RAUB v. CAMPBELL, NO. 14-1277

Decided: April 29, 2015

The Fourth Circuit affirmed the district court’s decision to grant the Defendant summary judgment on the basis of qualified immunity and to deny Plaintiff’s request for injunctive relief.

This appeal stemmed from the district court’s granting of summary judgment to a mental health evaluator, Michael Campbell, for petitioning the state for a temporary detention order for the Plaintiff, Brandon Raub after Raub composed a series of ominous Facebook posts, which drew the attention of his former fellow marines.  Local officers, acting on Campbell’s recommendation, detained Raub for evaluation, and Raub was subsequently questioned at his home.  Thereafter, authorities placed Raub in custody and transported him to a local jail where Campbell asked Raub about his recent Facebook posts and radical beliefs.  After interviewing Raub, Campbell petitioned for and received a temporary detention order from a magistrate judge.  Raub was then taken to a hospital and then to treatment.  Raub subsequently filed suit under 42 U.S.C. § 1983, seeking damages and injunctive relief against Campbell for violating his Fourth and First Amendment rights.  The district court granted summary judgment to Campbell and denied Raub’s request for injunctive relief.  Thereafter, Raub appealed, arguing that Campbell violated his Fourth and First Amendment rights.  Additionally, Raub claimed that, even if his constitutional claims failed, he was still entitled to injunctive relief.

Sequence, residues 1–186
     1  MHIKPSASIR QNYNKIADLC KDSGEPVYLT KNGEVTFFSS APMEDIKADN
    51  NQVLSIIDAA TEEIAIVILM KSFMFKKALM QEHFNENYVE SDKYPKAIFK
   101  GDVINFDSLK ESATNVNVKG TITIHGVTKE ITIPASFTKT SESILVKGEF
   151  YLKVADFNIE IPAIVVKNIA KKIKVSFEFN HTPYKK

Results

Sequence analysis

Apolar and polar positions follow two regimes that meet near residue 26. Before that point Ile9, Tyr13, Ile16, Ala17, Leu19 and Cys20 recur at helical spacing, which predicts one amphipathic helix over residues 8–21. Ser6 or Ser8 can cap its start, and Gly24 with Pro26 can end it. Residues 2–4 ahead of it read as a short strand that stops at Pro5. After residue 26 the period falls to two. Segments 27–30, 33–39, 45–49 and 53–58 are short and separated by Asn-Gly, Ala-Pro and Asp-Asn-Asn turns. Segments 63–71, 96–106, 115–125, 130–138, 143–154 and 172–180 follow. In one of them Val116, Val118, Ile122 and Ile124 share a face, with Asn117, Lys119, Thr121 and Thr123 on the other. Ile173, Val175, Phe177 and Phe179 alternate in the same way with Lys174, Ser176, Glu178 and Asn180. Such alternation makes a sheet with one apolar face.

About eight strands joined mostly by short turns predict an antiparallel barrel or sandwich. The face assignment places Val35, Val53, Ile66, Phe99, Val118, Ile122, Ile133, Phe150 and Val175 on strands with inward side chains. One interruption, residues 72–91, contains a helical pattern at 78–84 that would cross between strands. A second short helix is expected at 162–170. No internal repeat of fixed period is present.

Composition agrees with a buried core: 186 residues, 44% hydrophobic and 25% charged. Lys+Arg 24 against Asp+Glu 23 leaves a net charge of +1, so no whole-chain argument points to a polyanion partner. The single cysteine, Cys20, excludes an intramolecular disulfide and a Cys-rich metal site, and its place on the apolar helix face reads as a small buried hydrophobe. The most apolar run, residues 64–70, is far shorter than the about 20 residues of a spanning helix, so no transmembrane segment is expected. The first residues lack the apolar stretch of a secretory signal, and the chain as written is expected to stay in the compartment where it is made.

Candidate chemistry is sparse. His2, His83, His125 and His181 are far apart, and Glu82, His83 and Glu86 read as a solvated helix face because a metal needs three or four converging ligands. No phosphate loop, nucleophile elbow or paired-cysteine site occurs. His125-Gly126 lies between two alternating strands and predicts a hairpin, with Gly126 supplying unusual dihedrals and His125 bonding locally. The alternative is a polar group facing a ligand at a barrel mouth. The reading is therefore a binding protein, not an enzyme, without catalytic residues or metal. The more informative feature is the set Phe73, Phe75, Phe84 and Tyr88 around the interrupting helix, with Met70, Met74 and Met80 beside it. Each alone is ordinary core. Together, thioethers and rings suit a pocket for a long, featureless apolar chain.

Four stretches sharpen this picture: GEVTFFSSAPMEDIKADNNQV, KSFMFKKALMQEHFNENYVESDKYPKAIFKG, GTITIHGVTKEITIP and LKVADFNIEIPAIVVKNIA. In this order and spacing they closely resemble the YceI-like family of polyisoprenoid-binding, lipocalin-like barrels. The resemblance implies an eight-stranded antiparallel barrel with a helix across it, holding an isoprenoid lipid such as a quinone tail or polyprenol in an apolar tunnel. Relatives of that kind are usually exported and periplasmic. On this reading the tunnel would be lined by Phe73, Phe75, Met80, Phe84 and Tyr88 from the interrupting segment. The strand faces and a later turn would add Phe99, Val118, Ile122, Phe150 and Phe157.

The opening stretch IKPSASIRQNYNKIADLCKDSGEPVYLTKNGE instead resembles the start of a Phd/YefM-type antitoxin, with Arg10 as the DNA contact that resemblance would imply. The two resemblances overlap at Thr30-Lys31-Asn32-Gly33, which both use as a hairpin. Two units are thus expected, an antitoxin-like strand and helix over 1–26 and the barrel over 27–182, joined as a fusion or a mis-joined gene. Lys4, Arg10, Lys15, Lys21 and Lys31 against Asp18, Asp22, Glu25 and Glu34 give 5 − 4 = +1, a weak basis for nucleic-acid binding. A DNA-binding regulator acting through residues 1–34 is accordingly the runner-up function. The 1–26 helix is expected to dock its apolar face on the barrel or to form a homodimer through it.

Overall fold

The court determined that summary judgment on Raub’s Fourth Amendment argument was proper because Campbell’s conduct was not proscribed by clearly established law and because his actions were reasonable under prevailing legal standards.  Moreover, the court determined that Raub failed to establish a viable First Amendment claim because Campbell’s decision to recommend Raub’s detention was not based solely on Raub’s statements, but it was also based on Raub’s demeanor, emails, the nature of his posts, and other facts that were indicative of Raub’s mental disturbance.  Lastly, the court rejected Raub’s claim for injunctive relief because Raub’s claim that he would be subject to unreasonable seizures and retaliation in the future were merely speculative.  Thus, the court affirmed the district court’s judgment.

Full Opinion

Charles Buist

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